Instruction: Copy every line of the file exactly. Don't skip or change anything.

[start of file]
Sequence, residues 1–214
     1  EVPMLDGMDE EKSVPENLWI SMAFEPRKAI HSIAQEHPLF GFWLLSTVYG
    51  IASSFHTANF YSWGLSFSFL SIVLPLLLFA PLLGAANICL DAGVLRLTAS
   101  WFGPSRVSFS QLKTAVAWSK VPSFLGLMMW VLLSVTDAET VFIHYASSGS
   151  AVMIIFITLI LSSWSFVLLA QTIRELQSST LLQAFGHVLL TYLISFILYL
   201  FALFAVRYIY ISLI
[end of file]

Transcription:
Sequence, residues 1–214
     1  EVPMLDGMDE EKSVPENLWI SMAFEPRKAI HSIAQEHPLF GFWLLSTVYG
    51  IASSFHTANF YSWGLSFSFL SIVLPLLLFA PLLGAANICL DAGVLRLTAS
   101  WFGPSRVSFS QLKTAVAWSK VPSFLGLMMW VLLSVTDAET VFIHYASSGS
   151  AVMIIFITLI LSSWSFVLLA QTIRELQSST LLQAFGHVLL TYLISFILYL
   201  FALFAVRYIY ISLI